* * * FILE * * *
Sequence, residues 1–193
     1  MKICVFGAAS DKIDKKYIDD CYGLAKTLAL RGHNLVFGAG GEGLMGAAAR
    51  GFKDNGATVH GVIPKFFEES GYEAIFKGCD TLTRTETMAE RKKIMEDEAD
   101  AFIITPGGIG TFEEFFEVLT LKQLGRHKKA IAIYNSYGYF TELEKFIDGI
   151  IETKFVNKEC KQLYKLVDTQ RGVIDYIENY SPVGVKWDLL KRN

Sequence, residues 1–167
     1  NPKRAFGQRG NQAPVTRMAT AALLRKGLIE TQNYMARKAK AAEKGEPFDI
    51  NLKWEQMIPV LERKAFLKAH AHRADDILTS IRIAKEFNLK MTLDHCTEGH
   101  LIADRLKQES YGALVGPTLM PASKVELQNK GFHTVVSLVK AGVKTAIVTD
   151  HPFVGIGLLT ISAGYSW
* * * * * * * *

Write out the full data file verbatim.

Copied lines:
Sequence, residues 1–193
     1  MKICVFGAAS DKIDKKYIDD CYGLAKTLAL RGHNLVFGAG GEGLMGAAAR
    51  GFKDNGATVH GVIPKFFEES GYEAIFKGCD TLTRTETMAE RKKIMEDEAD
   101  AFIITPGGIG TFEEFFEVLT LKQLGRHKKA IAIYNSYGYF TELEKFIDGI
   151  IETKFVNKEC KQLYKLVDTQ RGVIDYIENY SPVGVKWDLL KRN

Sequence, residues 1–167
     1  NPKRAFGQRG NQAPVTRMAT AALLRKGLIE TQNYMARKAK AAEKGEPFDI
    51  NLKWEQMIPV LERKAFLKAH AHRADDILTS IRIAKEFNLK MTLDHCTEGH
   101  LIADRLKQES YGALVGPTLM PASKVELQNK GFHTVVSLVK AGVKTAIVTD
   151  HPFVGIGLLT ISAGYSW